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Waste management

Anything but waste

by Sabine Balk

In depth

For recycling purposes, it is very important to sort waste diligently: plastic caps in Tunisia.

For recycling purposes, it is very important to sort waste diligently: plastic caps in Tunisia.

The rapidly growing megacities and urban conurbations in developing countries and emerging economies in particular have to find solutions for their ever-increasing amounts of waste. However, developing sustainable waste management systems is a huge challenge and a laborious process. KfW Development Bank is planning to intensify its efforts within German development cooperation, which includes working on new concepts to mobilise the potential of the sector. One example here is Tunisia. This contribution was written for a KfW supplement in D+C/E+Z.

If waste is not disposed of, it is not just a nuisance, it entails many risks. Landfills spoil the landscape and contaminate usable space. They become breeding grounds for disease carriers and a source of food for rats and vermin. The poorer population is particularly exposed to these kinds of risks. “Uncontrolled” waste dumps contaminate drinking water and threaten water bodies, air, soil, flora and fauna. The climate suffers too. Ten to 15% of a country’s overall greenhouse gas emissions can be prevented by good waste management and recycling.

The municipalities – generally responsible for waste disposal – are barely up to this complex task. Waste disposal “devours” a large part of their frequently scarce funds. Municipalities in developing countries spend between 20 and 50% of their budgets just on collecting waste. Nevertheless, many residents do not have access to proper disposal services. Some of the waste – mainly in the poorer settlements – is not taken away at all, and remains in the residential area.

One country that KfW Development Bank has supported since the end of the 1990s in setting up a proper waste management system is Tunisia. Since 2002 and via its own national executing agency “ANGed”, this country has gradually established a basic disposal infrastructure that reaches around 85% of the population. It mainly consists of waste transfer stations and properly regulated landfills, and fulfils the basic requirements for environmentally friendly waste disposal. In 2008, the first concepts were drafted to turn the Tunisian waste disposal system into a recycling economy, explained Wolfgang Pfaff-Simoneit, Technical Expert in the Water and Waste Management Team for MENA (Middle East/North Africa) at KfW. A recycling economy means that the raw materials used are returned in their entirety to the production process, and besides the recycling of products, emphasis is placed on reusing organic waste, which makes up 60% of the volume. The upheaval stemming from the Tunisian revolution that began in 2010 radically changed the general conditions for designing and implementing disposal plants. The population questioned local governance, and acceptance of disposal facilities fell dramatically. ANGed is now adapting to the new requirements. It is accountable to the general public for its actions and has to employ democratic forms and procedures of civil society participation. KfW is thus supporting ANGed and the Tunisian authorities in developing participatory forms of local governance (“change management”) and conducting national dialogue on waste disposal.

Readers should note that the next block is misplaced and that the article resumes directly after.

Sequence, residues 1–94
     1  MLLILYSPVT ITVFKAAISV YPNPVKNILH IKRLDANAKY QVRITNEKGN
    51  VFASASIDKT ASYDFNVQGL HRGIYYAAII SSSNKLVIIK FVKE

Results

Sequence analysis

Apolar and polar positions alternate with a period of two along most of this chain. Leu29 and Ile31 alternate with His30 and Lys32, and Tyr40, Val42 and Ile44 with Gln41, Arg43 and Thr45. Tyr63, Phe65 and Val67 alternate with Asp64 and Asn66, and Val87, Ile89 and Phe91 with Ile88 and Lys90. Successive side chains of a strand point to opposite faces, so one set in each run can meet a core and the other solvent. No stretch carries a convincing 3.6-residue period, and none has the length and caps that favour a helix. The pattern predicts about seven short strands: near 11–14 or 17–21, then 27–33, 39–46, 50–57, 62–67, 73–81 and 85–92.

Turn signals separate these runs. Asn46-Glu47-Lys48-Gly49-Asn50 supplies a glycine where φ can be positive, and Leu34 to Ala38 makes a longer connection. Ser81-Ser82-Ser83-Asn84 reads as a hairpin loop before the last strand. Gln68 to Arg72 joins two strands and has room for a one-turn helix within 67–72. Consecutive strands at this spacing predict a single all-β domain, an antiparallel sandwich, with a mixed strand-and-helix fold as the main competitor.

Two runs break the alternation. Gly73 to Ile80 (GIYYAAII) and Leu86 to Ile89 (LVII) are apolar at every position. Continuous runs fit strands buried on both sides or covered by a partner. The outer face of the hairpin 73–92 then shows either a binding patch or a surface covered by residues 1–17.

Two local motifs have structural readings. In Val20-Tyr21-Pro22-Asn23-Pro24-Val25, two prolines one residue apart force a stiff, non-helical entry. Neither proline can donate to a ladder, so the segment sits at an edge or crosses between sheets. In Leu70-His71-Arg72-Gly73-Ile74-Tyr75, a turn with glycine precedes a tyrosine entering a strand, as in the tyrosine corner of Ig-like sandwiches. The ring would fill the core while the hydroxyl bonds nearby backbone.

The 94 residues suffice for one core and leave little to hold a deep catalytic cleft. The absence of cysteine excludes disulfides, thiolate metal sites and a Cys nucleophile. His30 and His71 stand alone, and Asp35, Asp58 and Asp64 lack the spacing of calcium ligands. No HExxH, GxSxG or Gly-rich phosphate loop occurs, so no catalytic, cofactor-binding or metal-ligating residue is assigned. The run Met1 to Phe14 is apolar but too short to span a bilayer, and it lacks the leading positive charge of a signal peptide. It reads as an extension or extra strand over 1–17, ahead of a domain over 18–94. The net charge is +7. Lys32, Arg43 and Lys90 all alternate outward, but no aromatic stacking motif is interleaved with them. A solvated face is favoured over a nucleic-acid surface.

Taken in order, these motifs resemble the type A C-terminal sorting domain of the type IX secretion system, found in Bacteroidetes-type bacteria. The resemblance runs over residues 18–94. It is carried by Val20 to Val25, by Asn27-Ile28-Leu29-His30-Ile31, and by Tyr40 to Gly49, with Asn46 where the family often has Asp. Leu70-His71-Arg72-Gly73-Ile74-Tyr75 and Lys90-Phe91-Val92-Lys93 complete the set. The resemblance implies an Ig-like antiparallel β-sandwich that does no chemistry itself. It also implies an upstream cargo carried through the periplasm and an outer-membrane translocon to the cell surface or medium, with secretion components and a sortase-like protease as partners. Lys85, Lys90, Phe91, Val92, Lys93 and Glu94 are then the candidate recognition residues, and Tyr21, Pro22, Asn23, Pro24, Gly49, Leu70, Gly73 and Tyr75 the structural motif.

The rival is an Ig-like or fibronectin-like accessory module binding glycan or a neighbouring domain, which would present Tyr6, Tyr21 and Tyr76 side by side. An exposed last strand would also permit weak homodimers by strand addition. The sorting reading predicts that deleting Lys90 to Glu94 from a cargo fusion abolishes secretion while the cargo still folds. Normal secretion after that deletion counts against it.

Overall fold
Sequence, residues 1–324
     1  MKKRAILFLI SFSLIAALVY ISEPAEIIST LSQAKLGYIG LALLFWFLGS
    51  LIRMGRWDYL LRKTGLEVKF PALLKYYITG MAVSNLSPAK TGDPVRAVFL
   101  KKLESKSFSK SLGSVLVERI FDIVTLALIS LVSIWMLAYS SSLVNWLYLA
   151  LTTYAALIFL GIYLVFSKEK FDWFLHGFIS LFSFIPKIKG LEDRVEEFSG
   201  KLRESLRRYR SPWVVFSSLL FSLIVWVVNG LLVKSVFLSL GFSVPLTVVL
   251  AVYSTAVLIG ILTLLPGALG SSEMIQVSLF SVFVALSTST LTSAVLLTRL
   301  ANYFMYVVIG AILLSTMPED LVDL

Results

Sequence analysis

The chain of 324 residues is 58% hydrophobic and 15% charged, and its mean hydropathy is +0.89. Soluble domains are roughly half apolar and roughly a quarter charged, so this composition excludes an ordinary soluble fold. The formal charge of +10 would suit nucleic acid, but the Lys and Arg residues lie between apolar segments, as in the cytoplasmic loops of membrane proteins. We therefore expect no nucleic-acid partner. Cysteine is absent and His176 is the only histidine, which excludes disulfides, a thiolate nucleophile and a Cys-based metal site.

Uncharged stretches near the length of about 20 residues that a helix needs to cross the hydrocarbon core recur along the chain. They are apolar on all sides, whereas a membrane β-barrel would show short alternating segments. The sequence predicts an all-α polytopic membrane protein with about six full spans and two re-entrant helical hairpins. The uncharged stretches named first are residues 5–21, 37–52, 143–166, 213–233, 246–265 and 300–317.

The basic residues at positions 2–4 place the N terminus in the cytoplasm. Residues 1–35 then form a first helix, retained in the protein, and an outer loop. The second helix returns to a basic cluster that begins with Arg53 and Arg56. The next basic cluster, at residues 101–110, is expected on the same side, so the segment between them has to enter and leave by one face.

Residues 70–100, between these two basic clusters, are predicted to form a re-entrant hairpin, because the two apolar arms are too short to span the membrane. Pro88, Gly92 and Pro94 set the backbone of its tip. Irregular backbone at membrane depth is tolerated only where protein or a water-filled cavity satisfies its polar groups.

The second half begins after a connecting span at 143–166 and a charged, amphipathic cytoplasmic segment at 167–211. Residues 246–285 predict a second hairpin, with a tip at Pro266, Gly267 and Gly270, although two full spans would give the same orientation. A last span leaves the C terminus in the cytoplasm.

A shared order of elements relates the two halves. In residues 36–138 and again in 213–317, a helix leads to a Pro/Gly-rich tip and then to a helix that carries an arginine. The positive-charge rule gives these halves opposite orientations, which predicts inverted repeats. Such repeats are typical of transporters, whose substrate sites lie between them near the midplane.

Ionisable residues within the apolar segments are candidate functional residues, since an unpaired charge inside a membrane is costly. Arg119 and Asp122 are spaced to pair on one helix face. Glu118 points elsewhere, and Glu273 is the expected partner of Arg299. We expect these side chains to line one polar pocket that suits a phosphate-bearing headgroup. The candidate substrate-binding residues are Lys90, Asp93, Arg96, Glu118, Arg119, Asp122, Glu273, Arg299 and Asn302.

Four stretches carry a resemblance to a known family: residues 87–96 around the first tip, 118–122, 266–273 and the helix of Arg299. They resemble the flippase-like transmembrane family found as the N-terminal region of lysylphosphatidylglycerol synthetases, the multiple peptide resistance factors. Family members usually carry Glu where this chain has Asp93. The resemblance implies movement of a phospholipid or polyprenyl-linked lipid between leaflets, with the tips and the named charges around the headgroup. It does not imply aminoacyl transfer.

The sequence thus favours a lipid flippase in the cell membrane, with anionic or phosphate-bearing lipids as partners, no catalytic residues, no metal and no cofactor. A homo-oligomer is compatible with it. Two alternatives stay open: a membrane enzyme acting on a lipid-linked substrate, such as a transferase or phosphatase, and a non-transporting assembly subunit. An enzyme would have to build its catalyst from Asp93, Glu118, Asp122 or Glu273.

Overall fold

“Acceptance of disposal facilities improves if the volume of waste is reduced as much as possible,” explained Pfaff-Simoneit. Then the areas needed for disposal facilities can be scaled back and the environmental risks minimised. In Tunisia, the previous concept of regulated landfills failed on account of the waste properties and the climate conditions, added the KfW expert.

“Mechanical biological treatment of waste is particularly suitable for Tunisia,” said Pfaff-Simoneit, as proven by a pilot project in 2014/2015. The surface area required for waste disposal can be drastically reduced, and greenhouse gas emissions can be avoided almost completely. Given the positive results, the Tunisian government decided at the end of 2016 to equip all landfills with mechanical biological waste treatment facilities, while new plants will be fitted with this technology from the outset.

Another important finding on waste management was confirmed in Tunisia: it does not make sense in developing countries to collect and separate waste with as few people and as many machines as possible. Collecting and sorting waste offers huge opportunities for permanent jobs, even for those with low qualifications. “It generally does not cost any more if many people are employed,” explained Pfaff-Simoneit, because labour is not expensive in contrast to the purchase of imported waste disposal vehicles and other machinery. To be able to recycle waste permanently and efficiently it is very important to sort early, and to record the recyclable parts by type as precisely as possible. Recycling is mostly carried out by informal waste collectors in Tunisia at the moment. Action in the waste sector should therefore always be aimed at improving the working and living conditions of informal workers at the same time.

KfW supplement in D+C/E+Z:

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